The first week of school offers numerous notebook entry opportunities ranging from, “What does a scientist look like?” prompting primary students’ discussion and “Safety and Equipment 101” emphasizing awareness and lab expectations, to an initial “familiar observation entry” allowing students to experience and practice different entry types as well as understand expectations for their notebook use. It is best to use something familiar to the students for this first investigation-based entry. This allows the lesson focus to remain about their notebook work and the purpose and usefulness of notebooks, rather than any new or specific content. As classroom teachers model their expectations and entry types, students are able to understand and practice entry types.
A familiar object entry can be based on literally anything, such as a hand lens, key, or even an apple. Students observe the object, record findings through technical drawings and words, add any connections they may have, and more. Working through each of their senses, as appropriate, is a common approach for primary students. This initial observation entry is a great time to authentically integrate safety as well as classroom and investigation expectations for all elementary-aged students.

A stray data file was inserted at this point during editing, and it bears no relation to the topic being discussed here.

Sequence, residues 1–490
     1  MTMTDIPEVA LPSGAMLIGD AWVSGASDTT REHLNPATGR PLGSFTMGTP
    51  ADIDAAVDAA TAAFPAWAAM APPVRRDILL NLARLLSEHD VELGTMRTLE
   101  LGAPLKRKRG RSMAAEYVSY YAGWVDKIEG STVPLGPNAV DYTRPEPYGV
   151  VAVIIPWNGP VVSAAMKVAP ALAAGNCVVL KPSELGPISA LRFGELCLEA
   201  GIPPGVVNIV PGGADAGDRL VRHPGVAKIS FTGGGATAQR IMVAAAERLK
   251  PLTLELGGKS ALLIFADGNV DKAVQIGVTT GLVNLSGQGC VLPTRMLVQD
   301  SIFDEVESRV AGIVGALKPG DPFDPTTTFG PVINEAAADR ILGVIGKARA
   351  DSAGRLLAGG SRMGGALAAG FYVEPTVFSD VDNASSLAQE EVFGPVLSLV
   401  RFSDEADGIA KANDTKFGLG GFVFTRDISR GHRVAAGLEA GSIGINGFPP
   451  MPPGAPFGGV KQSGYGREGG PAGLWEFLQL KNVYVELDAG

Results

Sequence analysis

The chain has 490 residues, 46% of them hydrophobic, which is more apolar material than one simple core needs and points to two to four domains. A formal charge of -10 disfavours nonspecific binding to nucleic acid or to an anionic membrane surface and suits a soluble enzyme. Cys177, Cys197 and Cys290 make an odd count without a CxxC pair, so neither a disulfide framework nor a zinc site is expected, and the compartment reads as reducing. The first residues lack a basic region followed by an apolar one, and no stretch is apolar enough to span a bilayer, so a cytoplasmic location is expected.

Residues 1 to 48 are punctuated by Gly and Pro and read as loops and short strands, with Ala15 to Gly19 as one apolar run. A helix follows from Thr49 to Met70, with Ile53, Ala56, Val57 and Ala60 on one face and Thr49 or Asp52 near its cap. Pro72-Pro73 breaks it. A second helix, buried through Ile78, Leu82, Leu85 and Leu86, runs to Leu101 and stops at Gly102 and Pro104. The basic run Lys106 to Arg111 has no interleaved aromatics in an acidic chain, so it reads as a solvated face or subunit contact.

Secondary teachers may want to consider a descriptive investigation to serve as in introduction to notebook expectations and a review of scientific processes. Observing behavior in animals, performing a simple physics lab, or making observations about a chemical reaction can stimulate conversations about the nature of science and how notebooks will be utilized, and allow the teacher time to observe students’ skills and level of sophistication in their entries. While feedback should be provided and a completion grade can be given for this work, teachers might want to refrain from formally grading notebook entries until students are more comfortable with the expectations.
Note: An example of a 1st week with science notebooks can be found on page 12 of Science Notebooks: Writing About Inquiry (Campbell and Fulton).